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Pencil Case ~ How to make your own lined Pencil Case with Zip and Piping with free tutorial

April 22, 2013

I made a couple of lined pencil cases with piping at the end of last week and they were so fiddly to make! Since then, I’ve been trying to work out if there is an easier way to do it, and there is! The upshot is that you have a seam on the bottom of the pencil case, but I really don’t think that matters, and it saved my machine from hearing a few choice words too.

I promised a tutorial if I did come up with a better way, so here it is…

Materials Needed

(My pencil case is quite slim – if you want to make yours fatter, increase the short measurements of the fabric rectangles, and increase the cord piping: If you stick to ¼” seams, then the length of cord piping will be 1″ less than the sum of the two short ends of rectangle (so here, my fabric pieces are each 4″ on the short ends. The sum of these two short ends is 8″ so my cord piping is 7″.) If you want a fatter pencil case, using 5″ for the shorter ends, your piping will need to be 9″ (and your circle diameter wider again, although you can measure this out later for accuracy)

Two rectangles of outer fabric (mine are 4″ x 10.5″)

Two rectangles of lining fabric (same size as outer)

Zip (mine was 8″)

Two pieces of cord for the piping(mine were 7″)

Two strips of coordinating fabric for piping (1.5″ x 7.5″)

Two fabric circles in outer fabric (mine were approx. 3″ in diameter – but I cut these once I was sure of piping size – see steps 8 & 9 for this)

Two fabric circles in lining fabric (same size as outer)

Here’s how I made it – really very easy;

See the accompanying slideshow for a visual step-by-step tutorial

  1. Cut your rectangular pieces of fabric and iron if needed. If you need to add interfacing, do that now.
  2. Fold and press a ¼” seam along one long side of each of the four large rectangles.
  3. Pair up one outer fabric rectangle with one lining fabric rectangle. With Wrong Sides Together [WST] and folded edges matching up, pin one side of the zip in place, sandwiched between the two different fabrics.
  4. Repeat with the other side, and check now that the zip runs smoothly without catching on any fabric.
  5. Using your zipper foot, attach the zip with the zip open. Start from the closed end of the zip and sew towards the open end. Half way along, put the needle down into the fabric and ease the zip up past the zipper foot. Continue sewing along and over and down the other side.
  6. To neaten up the appearance of the top of the pencil case, open up the fabrics now so that the Right Sides of each fabric are together [RST]. Pinch the raw ends of fabric together (the bits on either side of the zip ends) and sew these together (I did this by hand) along the pre-pressed folds to ¼” from the end.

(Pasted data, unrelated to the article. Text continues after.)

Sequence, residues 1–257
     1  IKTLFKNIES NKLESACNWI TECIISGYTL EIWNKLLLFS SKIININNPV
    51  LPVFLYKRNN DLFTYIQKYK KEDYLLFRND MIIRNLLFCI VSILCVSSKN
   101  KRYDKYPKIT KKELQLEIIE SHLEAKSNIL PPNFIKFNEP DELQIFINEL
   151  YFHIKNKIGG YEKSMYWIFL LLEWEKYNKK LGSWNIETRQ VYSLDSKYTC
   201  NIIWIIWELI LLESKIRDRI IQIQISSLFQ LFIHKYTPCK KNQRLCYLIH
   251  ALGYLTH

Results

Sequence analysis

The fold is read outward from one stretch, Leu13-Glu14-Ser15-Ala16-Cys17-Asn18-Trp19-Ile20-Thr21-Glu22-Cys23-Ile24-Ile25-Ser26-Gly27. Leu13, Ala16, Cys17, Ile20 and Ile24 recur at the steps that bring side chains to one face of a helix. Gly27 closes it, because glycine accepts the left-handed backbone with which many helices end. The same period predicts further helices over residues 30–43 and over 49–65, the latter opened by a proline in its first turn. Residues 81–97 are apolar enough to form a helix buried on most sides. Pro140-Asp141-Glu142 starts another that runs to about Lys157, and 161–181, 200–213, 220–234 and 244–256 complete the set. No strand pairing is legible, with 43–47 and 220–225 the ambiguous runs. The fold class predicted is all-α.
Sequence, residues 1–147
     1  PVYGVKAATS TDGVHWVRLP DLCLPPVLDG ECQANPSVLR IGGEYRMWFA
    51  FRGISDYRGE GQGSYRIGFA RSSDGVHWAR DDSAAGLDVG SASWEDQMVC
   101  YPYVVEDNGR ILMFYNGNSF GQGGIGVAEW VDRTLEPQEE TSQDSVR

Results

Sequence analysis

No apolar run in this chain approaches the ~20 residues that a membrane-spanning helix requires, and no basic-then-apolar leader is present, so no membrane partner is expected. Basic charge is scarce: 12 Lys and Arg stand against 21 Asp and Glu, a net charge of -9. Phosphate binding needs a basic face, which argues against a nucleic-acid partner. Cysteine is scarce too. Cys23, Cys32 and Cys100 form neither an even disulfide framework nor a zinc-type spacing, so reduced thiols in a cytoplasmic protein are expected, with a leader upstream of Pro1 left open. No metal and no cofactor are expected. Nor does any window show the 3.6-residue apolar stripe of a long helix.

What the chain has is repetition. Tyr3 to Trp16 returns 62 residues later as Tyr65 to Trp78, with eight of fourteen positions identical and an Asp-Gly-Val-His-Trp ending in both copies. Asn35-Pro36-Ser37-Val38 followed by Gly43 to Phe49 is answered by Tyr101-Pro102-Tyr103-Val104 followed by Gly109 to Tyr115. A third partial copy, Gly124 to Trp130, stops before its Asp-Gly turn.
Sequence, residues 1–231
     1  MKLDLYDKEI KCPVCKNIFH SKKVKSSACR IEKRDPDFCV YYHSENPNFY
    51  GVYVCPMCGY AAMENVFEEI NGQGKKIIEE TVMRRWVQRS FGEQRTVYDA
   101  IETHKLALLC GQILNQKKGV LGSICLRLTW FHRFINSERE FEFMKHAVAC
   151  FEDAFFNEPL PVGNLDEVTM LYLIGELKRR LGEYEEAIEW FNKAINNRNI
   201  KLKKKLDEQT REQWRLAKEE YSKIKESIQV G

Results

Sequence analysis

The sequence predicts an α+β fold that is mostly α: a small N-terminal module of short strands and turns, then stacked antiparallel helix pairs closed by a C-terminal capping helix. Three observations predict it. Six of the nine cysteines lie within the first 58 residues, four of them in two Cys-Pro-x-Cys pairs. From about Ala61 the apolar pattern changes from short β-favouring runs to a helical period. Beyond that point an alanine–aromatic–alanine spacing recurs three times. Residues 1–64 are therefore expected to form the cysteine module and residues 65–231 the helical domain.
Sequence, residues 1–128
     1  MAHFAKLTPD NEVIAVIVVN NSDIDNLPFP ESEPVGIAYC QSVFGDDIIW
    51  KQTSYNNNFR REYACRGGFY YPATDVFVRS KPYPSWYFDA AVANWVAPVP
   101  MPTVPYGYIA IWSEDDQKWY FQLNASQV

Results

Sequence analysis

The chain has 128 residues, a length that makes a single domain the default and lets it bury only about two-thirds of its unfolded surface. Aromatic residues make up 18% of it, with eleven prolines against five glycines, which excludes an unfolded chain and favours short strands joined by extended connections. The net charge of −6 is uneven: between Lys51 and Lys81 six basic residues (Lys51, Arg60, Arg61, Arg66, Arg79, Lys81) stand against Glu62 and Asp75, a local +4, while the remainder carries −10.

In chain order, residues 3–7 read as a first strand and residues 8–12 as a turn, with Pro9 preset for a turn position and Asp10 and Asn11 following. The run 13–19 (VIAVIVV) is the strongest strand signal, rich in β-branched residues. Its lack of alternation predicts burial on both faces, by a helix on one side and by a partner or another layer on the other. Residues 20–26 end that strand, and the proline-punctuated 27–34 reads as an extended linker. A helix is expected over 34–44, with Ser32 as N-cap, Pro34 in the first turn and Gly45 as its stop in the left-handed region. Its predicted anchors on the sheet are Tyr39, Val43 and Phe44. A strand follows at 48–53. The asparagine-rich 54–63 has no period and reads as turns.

7. With the fabric pieces still RST, sew up the long side of the outer fabric with a ¼” seam.
  8. To make the piping, lay the cord along the centre of your coordinating fabric strip. Fold the fabric in two length-ways and sew it up, with your needle in the left hand position (but still a bit away from the cord edge). Sew the length of the fabric, leaving ½” at the other end. Fold back ¼” of this end in on itself, insert the other (raw) end into the fold to create a full circle. I did this while the fabric was still in the machine which made for a neater finish. Sew over the open ends to complete the circle.
  9. Place this circle onto your scraps of fabric (both outer and lining) and draw round it with an extra ¼-½” round the edge. Cut out two circles in each fabric.
  10. Insert the piping circle inside the outer fabric tube (matching up raw edges with raw edges) and then place the circle of fabric (with the RS facing inwards) inside the piping circle. Using your zipper foot (to get as close to the piping as possible), sew the three layers of fabric together.
  11. Repeat with the other end of the outer fabric. Turn the RS out to check the piping is correctly placed – make any adjustments now.
  12. Using your normal foot again and keeping RST, sew a ¼” seam along the length of the lining fabric, keeping a 3″ gap for turning later.
  13. Attach the two lining fabric circles in a similar way to step 10 (without the complication of piping).
  14. Pull everything through the gap and sew the gap in the lining fabric closed. You can do this with a blind stitch, or just a very small seam with top stitching as it’ll be out of sight in the bottom of the pencil case anyway.
  15. Tuck the inner fabric in place inside the pencil case.
  16. Ta Daaah! You’re done! Made By Yours Truly. Sit back and admire your work with a nice cuppa!

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